Archaeology Tales from the crypt that bury Medici history in ever deeper mystery

Discussion in 'Archaeology' started by mscbkc070904, Mar 22, 2005.

  1. mscbkc070904

    mscbkc070904 Premium Member

    Donatella Lippi calls it a "terrible problem". She and other researchers who have spent the past 10 months prising open the tombs of one of Europe's most illustrious families, the Medicis of Florence, have got more than they bargained for.
    They have found the remains of eight children they cannot place on the family tree. Worse still, some of the bodies appear to have been switched around or muddled up over the centuries.

    The resulting confusion is making yet more difficult an already immense and challenging undertaking that is shining light into the recesses of the Renaissance.
    The aim of the project, which reached the end of its first phase last week, is to build up a picture of the lives, and deaths, of the members of a family that ruled Florence for more than 300 years and funded many of Italy's greatest artists.

    Dr Lippi, a lecturer at the University of Florence, said it could be decades before the last conclusions were wrung from the evidence being discovered. Last week team members received their latest shock when they opened the tomb of Filippino, son of Grand Duke Francesco I, who ruled Florence from 1574 until 1587.

    "We know, from historic evidence, that Filippino was four years and nine months old when he died," said the leader of the project, Gino Fornaciari. "But what we found were the remains of a one-year-old child. Now, there is a margin of error. But it is only plus or minus four months. So, clearly, it was not the body of Filippino."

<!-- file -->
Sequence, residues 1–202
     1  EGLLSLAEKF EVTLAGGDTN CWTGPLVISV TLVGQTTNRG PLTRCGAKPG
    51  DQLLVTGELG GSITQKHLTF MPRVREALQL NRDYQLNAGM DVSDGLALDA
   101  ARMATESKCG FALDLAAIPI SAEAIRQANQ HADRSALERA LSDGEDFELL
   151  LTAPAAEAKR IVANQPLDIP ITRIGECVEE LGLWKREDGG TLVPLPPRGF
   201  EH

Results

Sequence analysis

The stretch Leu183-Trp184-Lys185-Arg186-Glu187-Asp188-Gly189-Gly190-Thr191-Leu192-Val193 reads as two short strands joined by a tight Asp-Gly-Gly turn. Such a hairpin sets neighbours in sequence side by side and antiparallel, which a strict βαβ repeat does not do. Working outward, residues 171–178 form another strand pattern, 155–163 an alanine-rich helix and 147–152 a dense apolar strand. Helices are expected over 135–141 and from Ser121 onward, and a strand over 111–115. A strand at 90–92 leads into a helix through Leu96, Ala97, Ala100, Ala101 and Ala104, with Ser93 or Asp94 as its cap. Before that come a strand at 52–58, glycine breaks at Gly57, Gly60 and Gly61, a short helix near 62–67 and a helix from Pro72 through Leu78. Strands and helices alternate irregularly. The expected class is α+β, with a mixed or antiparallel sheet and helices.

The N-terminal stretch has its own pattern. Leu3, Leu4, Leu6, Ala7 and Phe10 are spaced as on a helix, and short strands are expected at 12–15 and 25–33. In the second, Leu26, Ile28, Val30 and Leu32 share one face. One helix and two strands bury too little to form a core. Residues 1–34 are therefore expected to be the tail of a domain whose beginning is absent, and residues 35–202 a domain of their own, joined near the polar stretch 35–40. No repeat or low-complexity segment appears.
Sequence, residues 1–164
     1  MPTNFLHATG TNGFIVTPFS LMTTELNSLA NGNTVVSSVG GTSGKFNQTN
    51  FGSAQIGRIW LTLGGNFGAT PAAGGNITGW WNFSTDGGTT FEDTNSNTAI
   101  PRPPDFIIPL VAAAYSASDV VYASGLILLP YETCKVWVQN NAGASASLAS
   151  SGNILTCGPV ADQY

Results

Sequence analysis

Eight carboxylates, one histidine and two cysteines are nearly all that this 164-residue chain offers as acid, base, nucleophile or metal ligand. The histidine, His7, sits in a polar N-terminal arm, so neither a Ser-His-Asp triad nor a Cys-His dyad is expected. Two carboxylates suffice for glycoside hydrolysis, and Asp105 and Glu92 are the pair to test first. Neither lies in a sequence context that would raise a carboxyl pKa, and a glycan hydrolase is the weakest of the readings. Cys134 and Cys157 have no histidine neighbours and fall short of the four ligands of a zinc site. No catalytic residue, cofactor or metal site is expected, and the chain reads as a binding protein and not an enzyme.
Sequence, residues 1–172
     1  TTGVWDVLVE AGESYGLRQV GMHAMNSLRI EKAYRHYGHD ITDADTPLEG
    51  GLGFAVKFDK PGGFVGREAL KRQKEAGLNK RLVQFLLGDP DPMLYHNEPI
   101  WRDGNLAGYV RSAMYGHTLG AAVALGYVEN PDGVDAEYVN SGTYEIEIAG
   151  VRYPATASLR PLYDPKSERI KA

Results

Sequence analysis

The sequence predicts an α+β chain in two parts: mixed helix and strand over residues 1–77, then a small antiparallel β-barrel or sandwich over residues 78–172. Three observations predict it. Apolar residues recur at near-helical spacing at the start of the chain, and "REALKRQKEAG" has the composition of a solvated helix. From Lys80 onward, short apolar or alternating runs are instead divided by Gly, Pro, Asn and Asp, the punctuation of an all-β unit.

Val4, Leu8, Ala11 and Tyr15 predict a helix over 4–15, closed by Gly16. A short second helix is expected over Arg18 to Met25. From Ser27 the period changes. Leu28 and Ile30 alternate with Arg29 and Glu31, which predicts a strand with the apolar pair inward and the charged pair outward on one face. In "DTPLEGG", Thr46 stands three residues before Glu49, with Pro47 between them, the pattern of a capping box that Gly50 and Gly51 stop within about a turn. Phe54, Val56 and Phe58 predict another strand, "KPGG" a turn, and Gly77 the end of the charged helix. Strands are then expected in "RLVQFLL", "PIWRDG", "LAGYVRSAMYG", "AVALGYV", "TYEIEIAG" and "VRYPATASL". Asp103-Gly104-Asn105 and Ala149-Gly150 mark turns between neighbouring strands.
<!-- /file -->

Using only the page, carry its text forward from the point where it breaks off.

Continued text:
But who is, or was, it? The same question can be asked of bones found in another eight tombs, most of them in a previously secret crypt discovered below the Church of San Lorenzo last July.

    "It cannot be ruled out that at least some of these children were illegitimate," said Dr Lippi, the team's historian.

    Dr Fornaciari, a lecturer at the University of Pisa, said he expected that some of the mysteries surrounding the crypt would be cleared up when the team created a "DNA map" of the Medicis at a later stage in the project. "It was always going to be done, but now it has become even more important," he said.

    But Dr Lippi was sceptical that DNA tests could provide all the answers. They might be able to show which children were born of which parents, but they could not distinguish between siblings without documentary evidence which, in some cases, might not exist.

    "You have to remember that, in earlier times, the rate of infant mortality was extremely high," she said.

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